Learn craps fundamentals before you play casino craps. Your wallet will be happier. You should not walk up to a craps table or click on an online casino craps game without knowing the most basic rules. If you do, you'll probably lose your bankroll in minutes and not even know how or why you lost. Seems rather stupid to play a game for money that you do not even know how to play, does not it? It happens all the time. A tourist is curious about craps and decides to learn on the fly so he drops $ 100 on the table, asks the dealer what to do, and then walks away 15 minutes later broke and bewildered. If you know you're going on vacation to a gambling town, have the common sense to spend 30 minutes reading about the games you think you'll want to play. The Internet is full of free articles that give a craps how-to so you'll at least know why you lost. 30 minutes of reading might not only save you some money, but it will also make your time playing the game a lot more fun.
You play craps with two six-sided craps dice and win or lose based on how you bet on the outcome of each dice roll. With two craps dice, there are 36 possible combinations that can appear (6 numbers on one die multiplied by 6 numbers on the other die = 36 combinations). The numbers that can be rolled are 2 through 12. The number 7 has the most combinations or ways to make the number. Therefore, as you may expect, the fundamental premium of the game is based on the number 7.
Let's forget betting styles and patterns for now and focus on the very basic principle of the game. The first roll of a craps game is called the come-out roll. So, regardless of how you bet before the come-out roll, a craps game ends with that single roll if the number 2, 3, 7, 11, or 12 appears. If something other than one of those numbers appears, then the number is called a "point" number. Point numbers are 4, 5, 6, 8, 9, and 10. So, the come-out roll can result in a 2, 3, 7, 11, or 12 appearing, which means the game ends, or it can result in a 4, 5, 6, 8, 9, or 10 appearing, which means a point is established and the game continues.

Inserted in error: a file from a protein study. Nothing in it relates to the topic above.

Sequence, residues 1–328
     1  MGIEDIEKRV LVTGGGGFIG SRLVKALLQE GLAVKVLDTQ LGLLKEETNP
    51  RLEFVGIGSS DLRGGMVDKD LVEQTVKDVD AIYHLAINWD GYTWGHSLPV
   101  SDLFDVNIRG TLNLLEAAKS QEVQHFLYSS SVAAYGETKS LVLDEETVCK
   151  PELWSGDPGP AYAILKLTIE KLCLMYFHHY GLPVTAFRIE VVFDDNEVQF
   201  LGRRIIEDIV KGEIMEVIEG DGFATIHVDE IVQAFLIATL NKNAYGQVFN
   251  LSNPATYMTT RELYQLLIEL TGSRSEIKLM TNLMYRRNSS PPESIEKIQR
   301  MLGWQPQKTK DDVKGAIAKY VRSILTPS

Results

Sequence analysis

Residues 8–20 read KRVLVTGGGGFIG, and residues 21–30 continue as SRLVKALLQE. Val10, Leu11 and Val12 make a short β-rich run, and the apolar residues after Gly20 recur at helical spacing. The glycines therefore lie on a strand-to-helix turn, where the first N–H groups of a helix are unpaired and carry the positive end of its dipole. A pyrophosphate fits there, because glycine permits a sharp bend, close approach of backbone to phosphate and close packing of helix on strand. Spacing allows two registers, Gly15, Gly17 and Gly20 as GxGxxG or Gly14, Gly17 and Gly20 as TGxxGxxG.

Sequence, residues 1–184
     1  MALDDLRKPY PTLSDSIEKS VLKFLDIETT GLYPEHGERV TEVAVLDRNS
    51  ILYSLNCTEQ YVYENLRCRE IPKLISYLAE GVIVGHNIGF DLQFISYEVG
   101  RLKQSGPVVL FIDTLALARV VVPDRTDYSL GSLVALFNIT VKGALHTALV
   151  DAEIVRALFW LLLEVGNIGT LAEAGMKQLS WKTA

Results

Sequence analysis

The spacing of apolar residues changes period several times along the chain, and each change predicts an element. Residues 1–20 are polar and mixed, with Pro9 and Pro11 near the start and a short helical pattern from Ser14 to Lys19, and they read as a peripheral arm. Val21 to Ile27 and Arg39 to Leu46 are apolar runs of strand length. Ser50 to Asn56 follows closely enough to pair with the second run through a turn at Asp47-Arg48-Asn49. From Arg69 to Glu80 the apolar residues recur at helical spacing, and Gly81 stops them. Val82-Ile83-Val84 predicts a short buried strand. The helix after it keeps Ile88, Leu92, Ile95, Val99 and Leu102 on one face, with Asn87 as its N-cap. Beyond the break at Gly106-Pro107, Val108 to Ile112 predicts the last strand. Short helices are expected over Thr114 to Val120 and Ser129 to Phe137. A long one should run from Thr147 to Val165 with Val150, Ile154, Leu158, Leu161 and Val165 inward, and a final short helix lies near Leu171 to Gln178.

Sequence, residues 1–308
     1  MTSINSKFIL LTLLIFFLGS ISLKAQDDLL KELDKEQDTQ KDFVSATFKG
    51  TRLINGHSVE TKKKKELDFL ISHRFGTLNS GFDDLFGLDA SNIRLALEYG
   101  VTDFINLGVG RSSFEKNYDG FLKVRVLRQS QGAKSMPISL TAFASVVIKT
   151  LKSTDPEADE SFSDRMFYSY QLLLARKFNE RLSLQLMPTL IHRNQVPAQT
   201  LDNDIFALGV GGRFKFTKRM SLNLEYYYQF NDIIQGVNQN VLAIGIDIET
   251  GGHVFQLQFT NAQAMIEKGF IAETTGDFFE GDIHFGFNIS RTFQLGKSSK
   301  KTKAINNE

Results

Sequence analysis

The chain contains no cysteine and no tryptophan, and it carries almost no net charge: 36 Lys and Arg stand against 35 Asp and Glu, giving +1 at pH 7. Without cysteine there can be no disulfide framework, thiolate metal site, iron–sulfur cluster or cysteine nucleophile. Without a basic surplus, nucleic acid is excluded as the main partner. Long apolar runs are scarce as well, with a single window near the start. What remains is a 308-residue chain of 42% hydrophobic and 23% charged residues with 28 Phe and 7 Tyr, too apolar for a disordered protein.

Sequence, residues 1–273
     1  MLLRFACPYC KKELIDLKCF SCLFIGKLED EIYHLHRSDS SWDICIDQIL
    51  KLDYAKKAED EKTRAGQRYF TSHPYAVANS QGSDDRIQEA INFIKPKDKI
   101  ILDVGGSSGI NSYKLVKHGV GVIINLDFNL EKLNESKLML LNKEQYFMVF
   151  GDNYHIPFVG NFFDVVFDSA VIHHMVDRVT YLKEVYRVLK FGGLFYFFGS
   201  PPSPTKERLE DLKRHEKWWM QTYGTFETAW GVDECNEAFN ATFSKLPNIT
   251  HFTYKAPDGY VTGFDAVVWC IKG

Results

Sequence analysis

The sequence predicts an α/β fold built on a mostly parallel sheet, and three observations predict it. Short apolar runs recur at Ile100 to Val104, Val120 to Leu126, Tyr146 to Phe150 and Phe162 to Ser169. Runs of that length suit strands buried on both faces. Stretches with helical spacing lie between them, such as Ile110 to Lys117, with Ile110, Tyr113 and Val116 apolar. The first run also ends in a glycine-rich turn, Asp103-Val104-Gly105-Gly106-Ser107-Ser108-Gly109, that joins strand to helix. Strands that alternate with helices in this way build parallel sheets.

If a point is established on the come-out roll, the shooter keeps rolling until the number 7 appears or the point number appears again. The manner in which you bet determines whether you win or lose when the game ends. For example, if you bet on the 7 (also known as playing the "Do not Pass" or betting "against" the dice), you win if the 7 appears before the point number, and you lose if the point number appears again before the 7. On the contrary, if you bet on the point number (also known as playing the "Pass Line" or betting "with" the dice), you win if the point number appears before a 7, and you lose if a 7 appears before the point number.
You can also win or lose, depending on how to you bet, if the come-out roll results in a 2, 3, 7, 11, or 12 appearing. If you bet with the 7, then you win if a 2 or 3 appears, and you lose if a 7 or 11 appears. If you bet with the point number, then you win if a 7 or 11 appears, and you lose if a 2, 3, or 12 appears. If you bet with the 7 and a 12 appears on the come-out roll, it's a tie. The opposite is true if you bet with the point number, except for one difference. On the come-out roll, if you bet with the point number, you win if a 7 or 11 appears, and you lose if a 2, 3, or 12 shows. In this case when betting with the dice (ie, betting on the point number), if a 12 appears on the come-out roll, you lose instead of it being a tie.
That's how easy the game is. Piece of cake. The most challenging part of the game is learning all the different odds for all the various numbers and types of bets, but that's the subject of another article. For now, at least you know the basic premise of the game.